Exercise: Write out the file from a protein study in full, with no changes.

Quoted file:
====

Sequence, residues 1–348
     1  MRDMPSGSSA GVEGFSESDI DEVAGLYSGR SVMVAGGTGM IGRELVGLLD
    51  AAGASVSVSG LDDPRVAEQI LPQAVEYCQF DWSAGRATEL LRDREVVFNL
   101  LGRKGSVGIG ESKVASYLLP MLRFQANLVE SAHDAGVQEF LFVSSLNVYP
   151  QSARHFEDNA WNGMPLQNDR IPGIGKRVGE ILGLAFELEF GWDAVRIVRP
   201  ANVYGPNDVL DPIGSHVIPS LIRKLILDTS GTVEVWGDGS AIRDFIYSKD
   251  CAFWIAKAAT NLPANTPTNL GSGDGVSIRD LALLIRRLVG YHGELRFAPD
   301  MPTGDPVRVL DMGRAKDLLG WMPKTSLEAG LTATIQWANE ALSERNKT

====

Sequence, residues 1–348
     1  MRDMPSGSSA GVEGFSESDI DEVAGLYSGR SVMVAGGTGM IGRELVGLLD
    51  AAGASVSVSG LDDPRVAEQI LPQAVEYCQF DWSAGRATEL LRDREVVFNL
   101  LGRKGSVGIG ESKVASYLLP MLRFQANLVE SAHDAGVQEF LFVSSLNVYP
   151  QSARHFEDNA WNGMPLQNDR IPGIGKRVGE ILGLAFELEF GWDAVRIVRP
   201  ANVYGPNDVL DPIGSHVIPS LIRKLILDTS GTVEVWGDGS AIRDFIYSKD
   251  CAFWIAKAAT NLPANTPTNL GSGDGVSIRD LALLIRRLVG YHGELRFAPD
   301  MPTGDPVRVL DMGRAKDLLG WMPKTSLEAG LTATIQWANE ALSERNKT